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Description of topics

Topic I: Meeting European environmental legislation – the directives under scrutiny

With Denmark as the EU chair in 2012, the time has come to take a closer look at European environmental legislation.

European environmental legislation has traditionally been media-specific i.e. focused on how to protect water quality, air quality or habitats. The scientific sessions and workshops on Day 1 aim to develop a more thematic cross-cutting view of European regulations. How do current and planned Directives work together to ensure nature conservation? Where are the conflicts and synergies between the goals of individual Directives? What are the socio-economic impacts of implementing multiple Directives? What scientific challenges do we face when trying to implement Europe-wide goals at national and regional scales? What lessons should we learn from the implementation of existing Directives when addressing new Directives?

This topic is for everybody interested in science-based environmental management in a European setting. The scientific sessions will focus on the scientific basis for regulation across different scopes and scales. The workshops will be a forum for exchange and discussion between scientists and practitioners. Here practitioners can discuss problems and challenges across borders and media with others who face similar problems, knowledge gaps and trade-offs in interpreting and implementing the Directives. The overall aim will be to identify best practice and current research needs.

Topic II: 2010 behind us – is biodiversity in free fall?

Biodiversity is essential for sustaining the ecosystem services on which society relies. Disturbingly, the UN estimates that species are now disappearing at 100 to 1000 times the natural extinction rate. The World Summit on Sustainable Development held in Johannesburg in 2002 confirmed the 2010 Biodiversity Target originally put forward at an EU summit in 2001 and called for "the achievement by 2010 of a significant reduction in the current rate of loss of biological diversity”. The UN furthermore declared 2010 as the Year of Biodiversity but the essential question is: ‘Did nature notice?’ How can we learn from past successes and failures in protecting biodiversity on the route to the 2010 target and how can we build upon those successes in the approach to 2020?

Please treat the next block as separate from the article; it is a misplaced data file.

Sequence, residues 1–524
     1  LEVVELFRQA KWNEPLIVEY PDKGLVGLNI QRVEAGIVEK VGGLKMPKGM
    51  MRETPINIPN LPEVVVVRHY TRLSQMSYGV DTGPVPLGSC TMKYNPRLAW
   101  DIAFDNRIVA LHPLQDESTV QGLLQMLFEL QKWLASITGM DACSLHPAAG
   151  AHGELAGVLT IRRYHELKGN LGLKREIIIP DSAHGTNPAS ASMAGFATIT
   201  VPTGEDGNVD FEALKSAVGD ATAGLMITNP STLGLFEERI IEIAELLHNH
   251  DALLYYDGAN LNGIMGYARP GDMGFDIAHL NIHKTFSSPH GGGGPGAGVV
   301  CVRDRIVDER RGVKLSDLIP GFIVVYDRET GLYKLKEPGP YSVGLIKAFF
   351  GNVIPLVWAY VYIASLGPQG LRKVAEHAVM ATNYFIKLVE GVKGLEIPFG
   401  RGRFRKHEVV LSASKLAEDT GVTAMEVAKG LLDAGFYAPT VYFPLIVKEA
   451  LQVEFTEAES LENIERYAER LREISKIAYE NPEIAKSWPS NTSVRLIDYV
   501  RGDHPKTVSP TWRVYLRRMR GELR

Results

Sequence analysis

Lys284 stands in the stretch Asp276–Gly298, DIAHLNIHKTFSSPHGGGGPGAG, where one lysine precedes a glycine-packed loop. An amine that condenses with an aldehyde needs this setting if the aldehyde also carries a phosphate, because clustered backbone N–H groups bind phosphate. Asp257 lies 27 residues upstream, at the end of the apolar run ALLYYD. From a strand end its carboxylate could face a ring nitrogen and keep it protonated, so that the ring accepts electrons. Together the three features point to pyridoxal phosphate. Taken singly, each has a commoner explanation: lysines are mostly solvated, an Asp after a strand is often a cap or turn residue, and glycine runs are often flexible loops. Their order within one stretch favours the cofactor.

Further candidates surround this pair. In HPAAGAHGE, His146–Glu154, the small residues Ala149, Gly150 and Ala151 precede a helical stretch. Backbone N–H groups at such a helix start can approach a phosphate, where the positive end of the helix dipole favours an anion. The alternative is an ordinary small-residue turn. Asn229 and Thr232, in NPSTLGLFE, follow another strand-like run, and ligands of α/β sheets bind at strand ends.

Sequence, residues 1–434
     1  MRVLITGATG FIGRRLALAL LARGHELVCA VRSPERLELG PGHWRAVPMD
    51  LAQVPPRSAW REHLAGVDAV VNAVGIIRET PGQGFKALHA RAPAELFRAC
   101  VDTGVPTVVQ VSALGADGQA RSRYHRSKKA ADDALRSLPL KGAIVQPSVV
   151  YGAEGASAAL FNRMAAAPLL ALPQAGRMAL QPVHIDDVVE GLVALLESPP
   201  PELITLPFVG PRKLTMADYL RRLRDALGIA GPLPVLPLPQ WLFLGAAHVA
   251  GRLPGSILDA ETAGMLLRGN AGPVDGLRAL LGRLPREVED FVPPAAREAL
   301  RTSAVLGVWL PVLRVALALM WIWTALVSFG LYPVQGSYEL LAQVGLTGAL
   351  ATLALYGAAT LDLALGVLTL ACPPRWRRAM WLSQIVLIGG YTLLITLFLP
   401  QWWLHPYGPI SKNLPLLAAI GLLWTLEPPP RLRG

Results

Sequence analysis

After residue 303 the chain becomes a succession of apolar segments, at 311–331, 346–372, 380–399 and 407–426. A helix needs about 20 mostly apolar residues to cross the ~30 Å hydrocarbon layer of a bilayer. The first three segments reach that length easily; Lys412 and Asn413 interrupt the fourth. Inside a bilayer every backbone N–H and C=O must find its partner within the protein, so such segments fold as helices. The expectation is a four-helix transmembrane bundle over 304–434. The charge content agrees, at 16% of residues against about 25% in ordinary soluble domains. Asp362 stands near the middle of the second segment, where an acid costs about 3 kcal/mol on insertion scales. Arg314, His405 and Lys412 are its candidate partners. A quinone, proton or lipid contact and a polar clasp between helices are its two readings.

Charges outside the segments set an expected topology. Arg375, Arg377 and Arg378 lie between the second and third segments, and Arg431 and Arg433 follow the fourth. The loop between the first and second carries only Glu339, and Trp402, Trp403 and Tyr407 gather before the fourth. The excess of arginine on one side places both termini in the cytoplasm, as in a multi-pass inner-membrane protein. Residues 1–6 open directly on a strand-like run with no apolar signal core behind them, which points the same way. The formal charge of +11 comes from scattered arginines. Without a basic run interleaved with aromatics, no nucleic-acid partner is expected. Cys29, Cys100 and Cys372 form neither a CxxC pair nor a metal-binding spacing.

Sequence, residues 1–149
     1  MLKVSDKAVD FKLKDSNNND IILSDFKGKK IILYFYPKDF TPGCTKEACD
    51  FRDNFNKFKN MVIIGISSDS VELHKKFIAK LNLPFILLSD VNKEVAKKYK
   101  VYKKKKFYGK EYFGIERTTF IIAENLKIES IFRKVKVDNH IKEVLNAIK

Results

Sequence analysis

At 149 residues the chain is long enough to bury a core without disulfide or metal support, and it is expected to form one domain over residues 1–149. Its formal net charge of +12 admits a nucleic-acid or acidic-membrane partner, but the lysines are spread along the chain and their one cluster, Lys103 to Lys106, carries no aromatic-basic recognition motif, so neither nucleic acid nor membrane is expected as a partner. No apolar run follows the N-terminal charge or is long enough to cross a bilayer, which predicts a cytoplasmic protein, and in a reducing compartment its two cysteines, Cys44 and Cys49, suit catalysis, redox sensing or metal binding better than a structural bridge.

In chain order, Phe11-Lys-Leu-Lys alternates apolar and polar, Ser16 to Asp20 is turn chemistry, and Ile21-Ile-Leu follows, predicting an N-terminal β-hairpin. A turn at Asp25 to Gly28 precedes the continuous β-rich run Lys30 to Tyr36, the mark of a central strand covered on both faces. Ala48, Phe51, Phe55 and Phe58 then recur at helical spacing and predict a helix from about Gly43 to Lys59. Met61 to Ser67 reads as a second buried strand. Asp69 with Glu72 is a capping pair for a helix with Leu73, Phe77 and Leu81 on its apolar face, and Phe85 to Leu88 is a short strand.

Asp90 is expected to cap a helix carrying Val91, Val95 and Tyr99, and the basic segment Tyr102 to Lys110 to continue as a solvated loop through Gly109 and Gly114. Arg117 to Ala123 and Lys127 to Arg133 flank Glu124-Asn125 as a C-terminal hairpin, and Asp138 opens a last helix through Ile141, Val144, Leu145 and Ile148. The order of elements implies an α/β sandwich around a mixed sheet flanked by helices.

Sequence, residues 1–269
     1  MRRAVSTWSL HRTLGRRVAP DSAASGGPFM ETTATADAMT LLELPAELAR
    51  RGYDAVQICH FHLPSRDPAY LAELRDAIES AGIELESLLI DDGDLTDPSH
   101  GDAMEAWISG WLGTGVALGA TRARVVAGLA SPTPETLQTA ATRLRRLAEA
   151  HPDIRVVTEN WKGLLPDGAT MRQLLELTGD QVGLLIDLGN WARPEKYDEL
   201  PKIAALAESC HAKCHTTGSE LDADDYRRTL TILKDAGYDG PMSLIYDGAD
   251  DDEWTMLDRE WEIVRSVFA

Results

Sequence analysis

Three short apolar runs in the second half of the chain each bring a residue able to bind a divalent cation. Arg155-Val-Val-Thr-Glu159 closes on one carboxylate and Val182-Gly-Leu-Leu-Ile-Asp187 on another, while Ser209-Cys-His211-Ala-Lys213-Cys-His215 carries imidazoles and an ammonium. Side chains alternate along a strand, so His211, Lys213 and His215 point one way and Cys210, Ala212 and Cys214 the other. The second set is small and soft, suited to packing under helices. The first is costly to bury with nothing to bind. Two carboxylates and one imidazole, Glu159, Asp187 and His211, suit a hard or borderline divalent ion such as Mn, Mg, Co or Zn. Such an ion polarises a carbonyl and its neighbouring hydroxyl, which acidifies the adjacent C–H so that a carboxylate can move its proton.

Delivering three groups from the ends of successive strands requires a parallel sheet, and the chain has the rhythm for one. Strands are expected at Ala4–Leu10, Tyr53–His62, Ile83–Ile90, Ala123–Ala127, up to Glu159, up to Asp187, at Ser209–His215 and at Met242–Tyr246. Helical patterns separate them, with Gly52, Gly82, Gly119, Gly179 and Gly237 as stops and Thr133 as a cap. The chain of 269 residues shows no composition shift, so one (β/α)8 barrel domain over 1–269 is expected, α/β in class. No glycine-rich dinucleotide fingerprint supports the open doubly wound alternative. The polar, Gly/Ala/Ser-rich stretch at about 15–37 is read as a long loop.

Topic III: Low impact - low carbon economy

National and supra-national regulations and treaties are modifying the local and global combustion mix for energy generation and transportation, and adjusting the atmospheric signature of industry and agriculture. These changes will affect greenhouse gas concentrations, atmospheric deposition into terrestrial, aquatic and marine ecosystems and also impact directly and indirectly on human health. This session will focus on the challenge of identifying, analysing and quantifying the consequences of these changes and assessing their implications for Directive-driven legislation. Interdisciplinary studies and integrating approaches will be discussed.

Topic IV: Making decisions – management tools for the future

Combining legislation spanning local to the supra-national levels with tools which operate at relevant scales is a major challenge for the future support of evidence-based decision making.  Today, the majority of decision support tools operate at local scales, limiting managers’ possibilities for synergistic implementation of mitigation measures across a range of different scales. Furthermore, indicators and assessment systems are often site- and stressor-specific, which again makes synergistic extrapolations and diagnostics difficult. Large-scale spatial models and ensemble modelling appear to be promising future avenues for bridging these gaps, but uncertainties must be quantified to enable appropriate decision making on the basis of model outputs. The conference aims to help solve this dilemma by bringing modellers, administrators and practitioners together to exchange ideas for the development of management tools for the future.

Special sessions

  • Aquarius: Bridging the gaps between science, regulation and practice in water environment management  (Session chair: Irene Wiborg)
  • Climate models: uncertainties, effects and adaptation (Session chair: Jens Christian Refsgaard)
  • Constructed wetlands (Session chair: Carl Chr. Hoffmann)
  • Links between biodiversity and soil ecosystem services (Session chair: Anne Winding)
  • Science-based nature management (Session chair: Morten Tune Strandberg)
  • The economics of water quality (Session chair: Marianne Zanderson)
  • The impacts of green energy policies (Session char: Daniela Perrotti)